\Question{Error-Correcting Codes}
\begin{enumerate}
\renewcommand{\labelenumi}{(\alph{enumi})}
\item
Recall from class the error-correcting code for erasure errors, which
protects against up to $k$ lost packets by sending a total of $n+k$ packets
(where $n$ is the number of packets in the original message). Often the number
of packets lost is not some fixed number $k$, but rather a \emph{fraction} of
the number of packets sent. Suppose we wish to protect against a fraction
$\alpha$ of lost packets (where $0 < \alpha < 1$). At least how many packets do
we need to send (as a function of $n$ and $\alpha$)?
\item
Repeat part (a) for the case of general errors.
\end{enumerate}
\Question{Polynomials in One Indeterminate}
We will now prove a fundamental result about polynomials: every non-zero
polynomial of degree $n$ (over a field $F$) has at most $n$ roots. If
you don't know what a field is, you can assume in the following that
$F = \mathbb{R}$ (the real numbers).
\begin{Parts}
\Part Show that for any $\alpha \in F$, there exists some polynomial $Q(x)$
of degree $n-1$ and some $b \in F$ such that $P(x) = (x-\alpha)Q(x) + b$.
\Part Show that if $\alpha$ is a root of $P(x)$, then $P(x) =
(x-\alpha)Q(x)$.
\Part Prove that any polynomial of degree $1$ has at most one
root. This is your base case.
\Part Now prove the inductive step: if every polynomial of degree
$n-1$ has at most $n-1$ roots, then any polynomial of degree $n$ has
at most $n$ roots.
\end{Parts}
\Question{Properties of $\GF(p)$}
\begin{Parts}
\Part Show that, if $p(x)$ and $q(x)$ are polynomials over the
reals (or complex, or rationals) and $p(x)\cdot q(x) = 0$ for all
$x$, then either $p(x)=0$ for all $x$ or $q(x)=0$ for all $x$ or both.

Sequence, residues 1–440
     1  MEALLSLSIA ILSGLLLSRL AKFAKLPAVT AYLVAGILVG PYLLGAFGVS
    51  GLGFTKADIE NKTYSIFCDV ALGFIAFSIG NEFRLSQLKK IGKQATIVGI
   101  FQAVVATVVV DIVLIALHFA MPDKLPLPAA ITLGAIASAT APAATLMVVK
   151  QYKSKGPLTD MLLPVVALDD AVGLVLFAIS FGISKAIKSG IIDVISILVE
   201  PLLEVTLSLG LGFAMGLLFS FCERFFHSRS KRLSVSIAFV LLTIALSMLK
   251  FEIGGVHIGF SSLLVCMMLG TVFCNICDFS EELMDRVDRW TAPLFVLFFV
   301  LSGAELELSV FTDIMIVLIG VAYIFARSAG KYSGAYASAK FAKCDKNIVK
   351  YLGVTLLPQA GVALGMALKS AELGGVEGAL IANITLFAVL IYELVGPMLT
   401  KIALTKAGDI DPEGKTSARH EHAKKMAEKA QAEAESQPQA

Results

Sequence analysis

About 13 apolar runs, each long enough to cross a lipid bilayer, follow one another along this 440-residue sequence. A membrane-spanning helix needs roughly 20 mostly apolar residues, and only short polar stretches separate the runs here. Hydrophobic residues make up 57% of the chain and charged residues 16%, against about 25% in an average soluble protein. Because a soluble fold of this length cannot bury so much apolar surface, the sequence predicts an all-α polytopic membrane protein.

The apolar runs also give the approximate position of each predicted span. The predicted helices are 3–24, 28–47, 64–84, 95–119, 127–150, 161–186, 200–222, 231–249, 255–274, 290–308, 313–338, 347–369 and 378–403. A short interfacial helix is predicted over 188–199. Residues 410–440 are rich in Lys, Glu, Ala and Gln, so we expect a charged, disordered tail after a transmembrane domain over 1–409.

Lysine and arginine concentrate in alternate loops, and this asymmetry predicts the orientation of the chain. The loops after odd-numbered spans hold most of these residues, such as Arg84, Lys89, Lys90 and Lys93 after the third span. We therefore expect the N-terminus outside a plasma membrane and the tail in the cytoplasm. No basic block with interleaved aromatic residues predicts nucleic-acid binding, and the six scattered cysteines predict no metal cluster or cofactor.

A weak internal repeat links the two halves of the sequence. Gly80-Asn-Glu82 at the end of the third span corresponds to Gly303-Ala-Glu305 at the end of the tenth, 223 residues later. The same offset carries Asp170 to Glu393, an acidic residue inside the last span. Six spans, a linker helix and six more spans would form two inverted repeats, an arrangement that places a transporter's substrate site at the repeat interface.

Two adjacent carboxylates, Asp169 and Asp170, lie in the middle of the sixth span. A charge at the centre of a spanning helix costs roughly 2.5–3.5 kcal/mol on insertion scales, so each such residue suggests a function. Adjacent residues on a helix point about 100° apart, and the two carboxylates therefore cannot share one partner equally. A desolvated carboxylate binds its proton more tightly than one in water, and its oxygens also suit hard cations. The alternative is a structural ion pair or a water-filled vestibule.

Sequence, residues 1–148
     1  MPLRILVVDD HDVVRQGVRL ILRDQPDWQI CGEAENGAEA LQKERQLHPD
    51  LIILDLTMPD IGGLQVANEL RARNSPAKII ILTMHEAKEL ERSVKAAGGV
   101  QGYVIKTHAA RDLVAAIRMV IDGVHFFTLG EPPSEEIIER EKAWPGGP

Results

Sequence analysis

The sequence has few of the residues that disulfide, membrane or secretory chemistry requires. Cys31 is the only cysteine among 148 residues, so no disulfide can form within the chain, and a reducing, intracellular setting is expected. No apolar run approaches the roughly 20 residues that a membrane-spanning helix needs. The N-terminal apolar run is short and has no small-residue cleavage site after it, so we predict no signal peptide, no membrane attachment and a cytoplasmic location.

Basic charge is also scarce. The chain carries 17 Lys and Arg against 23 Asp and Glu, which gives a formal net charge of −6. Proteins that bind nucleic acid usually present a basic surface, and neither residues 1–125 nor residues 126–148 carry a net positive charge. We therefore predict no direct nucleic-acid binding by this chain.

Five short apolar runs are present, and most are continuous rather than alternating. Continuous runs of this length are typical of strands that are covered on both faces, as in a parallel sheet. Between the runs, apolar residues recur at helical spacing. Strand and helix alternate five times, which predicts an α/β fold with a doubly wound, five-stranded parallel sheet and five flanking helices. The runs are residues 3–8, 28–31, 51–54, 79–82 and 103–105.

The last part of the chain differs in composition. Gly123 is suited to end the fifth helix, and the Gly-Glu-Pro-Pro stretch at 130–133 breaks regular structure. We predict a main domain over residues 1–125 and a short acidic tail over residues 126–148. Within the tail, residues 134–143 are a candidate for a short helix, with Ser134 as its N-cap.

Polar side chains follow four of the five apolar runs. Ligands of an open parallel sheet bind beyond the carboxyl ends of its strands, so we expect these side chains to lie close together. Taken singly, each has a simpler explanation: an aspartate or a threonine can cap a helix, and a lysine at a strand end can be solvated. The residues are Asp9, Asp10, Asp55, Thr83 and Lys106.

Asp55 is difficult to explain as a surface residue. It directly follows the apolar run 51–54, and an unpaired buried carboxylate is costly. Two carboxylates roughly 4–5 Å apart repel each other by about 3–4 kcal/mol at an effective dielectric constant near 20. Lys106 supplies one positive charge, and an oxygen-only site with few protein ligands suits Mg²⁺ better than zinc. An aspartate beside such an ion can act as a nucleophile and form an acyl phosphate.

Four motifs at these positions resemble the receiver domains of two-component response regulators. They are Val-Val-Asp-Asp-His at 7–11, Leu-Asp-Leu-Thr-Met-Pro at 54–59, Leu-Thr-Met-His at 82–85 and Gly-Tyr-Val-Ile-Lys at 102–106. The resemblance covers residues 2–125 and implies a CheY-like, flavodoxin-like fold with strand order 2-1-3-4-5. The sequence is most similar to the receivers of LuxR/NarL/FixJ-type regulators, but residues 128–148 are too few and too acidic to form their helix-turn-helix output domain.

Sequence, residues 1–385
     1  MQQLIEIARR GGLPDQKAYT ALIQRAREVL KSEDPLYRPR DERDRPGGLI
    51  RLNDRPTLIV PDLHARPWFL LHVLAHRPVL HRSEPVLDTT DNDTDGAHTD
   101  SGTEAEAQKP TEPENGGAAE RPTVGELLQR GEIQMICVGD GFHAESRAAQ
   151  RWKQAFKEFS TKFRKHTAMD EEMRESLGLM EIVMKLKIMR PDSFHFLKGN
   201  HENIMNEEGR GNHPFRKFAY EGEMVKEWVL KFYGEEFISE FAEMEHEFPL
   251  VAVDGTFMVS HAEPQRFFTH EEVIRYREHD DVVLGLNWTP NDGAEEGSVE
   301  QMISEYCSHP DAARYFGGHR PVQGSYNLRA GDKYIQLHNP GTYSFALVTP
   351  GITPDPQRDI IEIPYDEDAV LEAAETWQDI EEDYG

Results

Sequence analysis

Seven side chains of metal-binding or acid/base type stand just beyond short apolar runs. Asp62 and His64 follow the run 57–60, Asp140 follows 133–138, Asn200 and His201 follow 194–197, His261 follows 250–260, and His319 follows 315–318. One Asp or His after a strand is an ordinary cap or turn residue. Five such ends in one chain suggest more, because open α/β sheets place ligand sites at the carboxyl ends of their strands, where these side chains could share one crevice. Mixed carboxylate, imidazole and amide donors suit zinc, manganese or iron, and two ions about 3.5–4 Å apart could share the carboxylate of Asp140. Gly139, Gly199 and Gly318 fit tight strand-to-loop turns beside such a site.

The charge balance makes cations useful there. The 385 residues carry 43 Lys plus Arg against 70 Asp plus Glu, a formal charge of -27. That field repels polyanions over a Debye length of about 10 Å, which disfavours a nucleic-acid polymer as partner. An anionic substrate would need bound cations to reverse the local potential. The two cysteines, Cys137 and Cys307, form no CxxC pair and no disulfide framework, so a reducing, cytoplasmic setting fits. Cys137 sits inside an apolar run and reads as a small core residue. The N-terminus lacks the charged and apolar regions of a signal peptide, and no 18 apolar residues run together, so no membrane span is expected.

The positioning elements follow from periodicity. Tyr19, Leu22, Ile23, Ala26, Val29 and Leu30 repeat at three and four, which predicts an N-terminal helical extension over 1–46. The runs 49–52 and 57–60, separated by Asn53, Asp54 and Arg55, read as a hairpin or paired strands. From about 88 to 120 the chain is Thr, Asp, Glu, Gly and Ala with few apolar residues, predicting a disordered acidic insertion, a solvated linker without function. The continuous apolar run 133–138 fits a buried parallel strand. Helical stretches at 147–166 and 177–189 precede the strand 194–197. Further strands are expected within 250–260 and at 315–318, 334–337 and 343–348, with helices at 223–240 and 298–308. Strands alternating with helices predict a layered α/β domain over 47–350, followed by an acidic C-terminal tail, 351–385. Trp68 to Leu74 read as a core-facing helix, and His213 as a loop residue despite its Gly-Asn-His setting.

(\textit{Hint}: You may want to prove first this lemma, true in all fields:
The roots of $p(x)\cdot q(x)$ is the union of the roots of $p(x)$ and $q(x)$.)
\Part Show that the claim in part (a) is false for finite fields $\GF(p)$.
%Show that, in contrast, in $GF(p)$ there are two nonzero polynomials whose product is zero. (A polynomial $p(x)$ is non-zero if $p(x)\neq 0$ for some (but not necessarily all) $x$.) ({\em Hint:} Fermat's little Theorem is useful here.)
\end{Parts}
\Question{Poker Mathematics}
A \emph{pseudo-random number generator} is a way of generating a large quantity of random-looking numbers, if all we have is a little bit of randomness (known as the \emph{seed}). One simple scheme is the \emph{linear congruential generator}, where we pick some modulus $m$, some constants $a,b$, and a seed $x_0$, and then generate the sequence of outputs $x_0,x_1,x_2,x_3,\dots$ according to the following equation:
\[
x_{t+1} = ax_t + b \pmod m
\]
(Notice that $0 \le x_t < m$ holds for every $t$.)
You've discovered that a popular web site uses a linear congruential generator to generate poker hands for its players. For instance, it uses $x_0$ to pseudo-randomly pick the first card to go into your hand, $x_1$ to pseudo-randomly pick the second card to go into your hand, and so on. For extra security, the poker site has kept the parameters $a$ and $b$ secret, but you do know that the modulus is $m=2^{31}-1$ (which is prime).